The WonkLine: July 31, 2009

Welcome to The WonkLine, a daily 10 a.m. roundup of the latest news about health care, the economy, national security, immigration and climate policy. This is what we’re reading. Tell us what you found in the comments section below, and subscribe to the RSS feed. Also, you can now follow The Wonk Room on Twitter.




Dairy farmers, worried about possible crackdowns, are pushing Congress to pass immigration reform that will legalize their workforce after a recent dairy industry study found that immigrants make up over 40 percent of the dairy work force and produce at least two-thirds of U.S. milk.

Supporters of immigrant rights, frustrated that the White House has not made immigration reform a higher legislative priority, are “trying to yank the issue off the back burner by pressing ahead with lobbying and legislation plans they hope will reinvigorate reform efforts.”

After Immigration and Customs Enforcement dismissed a report complaining about conditions at its immigrant detention centers, a group of over 60 detainees in Louisiana have begun “rotating 72-hour hunger strikes” to protest poor conditions.

Health Care

“Sen. Chuck Grassley, the senior Republican on the Finance Committee, has assured his GOP colleagues that he will not sell them out and strike a private deal with Democrats on healthcare reform, according to Republican senators.”

Kaiser Health News is reporting that Governors are objecting to the portion of the Blue Dog health care compromise that would require states to fund 7 percent of the Medicaid expansion.

Congressional Quarterly is speculating that delay to pass anything out of the Senate Finance Committee “means that Obama is unlikely to sign any overhaul into law by October, as he had hoped. It will be almost impossible for Democratic leaders to shepherd the bill through Finance, pass it in both chambers, reconcile House and Senate differences in a conference committee, and clear the measure between Labor Day and Oct. 1″

Climate Change

A new study shows that the “annual mean area burned in the western United States is to increase by 54%” by 2050 with “the forests of the Pacific Northwest and Rocky Mountains experiencing the greatest increases of 78% and 175% respectively” due to increases in temperature due to climate change.

India has announced that “will spend some $200 million to protect its forests and will announce how much carbon emission is being captured by its green cover” as part of an emerging U.N. scheme called REDD, in which “developing nations could potentially earn billions of dollars by setting aside and rehabilitating their forests.”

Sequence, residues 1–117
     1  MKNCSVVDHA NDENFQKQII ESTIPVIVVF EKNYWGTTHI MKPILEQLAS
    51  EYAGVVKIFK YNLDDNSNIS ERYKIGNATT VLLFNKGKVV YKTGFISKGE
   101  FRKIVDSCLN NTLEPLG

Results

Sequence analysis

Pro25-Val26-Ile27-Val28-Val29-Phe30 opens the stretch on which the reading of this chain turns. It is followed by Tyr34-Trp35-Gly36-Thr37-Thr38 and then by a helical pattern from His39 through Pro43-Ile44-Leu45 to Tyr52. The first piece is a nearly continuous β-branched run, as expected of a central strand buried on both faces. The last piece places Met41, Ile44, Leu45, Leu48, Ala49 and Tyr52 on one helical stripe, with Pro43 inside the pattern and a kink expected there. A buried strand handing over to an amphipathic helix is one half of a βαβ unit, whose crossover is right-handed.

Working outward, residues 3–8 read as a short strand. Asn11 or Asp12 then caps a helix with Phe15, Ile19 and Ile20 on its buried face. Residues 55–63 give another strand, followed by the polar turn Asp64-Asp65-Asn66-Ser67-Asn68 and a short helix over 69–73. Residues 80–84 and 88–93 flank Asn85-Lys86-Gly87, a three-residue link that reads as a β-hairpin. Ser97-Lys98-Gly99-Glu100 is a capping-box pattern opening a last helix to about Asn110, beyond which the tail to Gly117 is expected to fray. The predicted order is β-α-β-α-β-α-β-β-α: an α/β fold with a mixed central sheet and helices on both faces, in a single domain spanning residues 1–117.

The U.S. government is suspending the “cash for clunkers” program after it proved so popular that it ran through its $1 billion allotment in six days.


The U.S. economy shrank at an annualized rate of one percent in the second quarter of this year, after shrinking at 6.4 percent in the first quarter. The change signals that the economic downturn “is abating as government efforts to revive lending and President Barack Obama’s stimulus gain traction.”

Panama’s moves to cut down on banking secrecy may test the Obama administration and Congress, because Panama’s image as a leading tax haven “has become the latest hurdle for a pending U.S. trade deal, which has languished” since 2007.

Steven Pearlstein writes that “even as the cleanup crew is carting away the debris left by the last financial crisis, the investment banks, hedge funds and exchanges are busy working on the next one,” this time with high-frequency trading as the tool of choice.

National Security

Reuters reports that “Six bombs exploded within minutes near Shi’ite mosques across Baghdad on Friday, killing at least 26 people and wounding scores of others…The blasts, which appeared to target Shi’ite Muslims taking part in Friday prayers, was a reminder of the capability of militants in Iraq despite an overall drop in violence in the country over the last 18 months.”

The Washington Post reports that “Britain launched an independent inquiry into its role in the Iraq war, with the panel’s chairman confirming that former prime minister Tony Blair will be among the witnesses and that it would not ‘shy away from making criticism.'”

Hamas leader Ismail Haniyeh “threatened Friday to boycott reconciliation talks with the rival Fatah group unless his supporters detained in the West Bank were released. The two dominant Palestinian groups accuse each other of carrying out political arrests that have crippled Egyptian efforts to broker a deal to restore political unity and boost prospects for a resumption of peace-making with Israel.”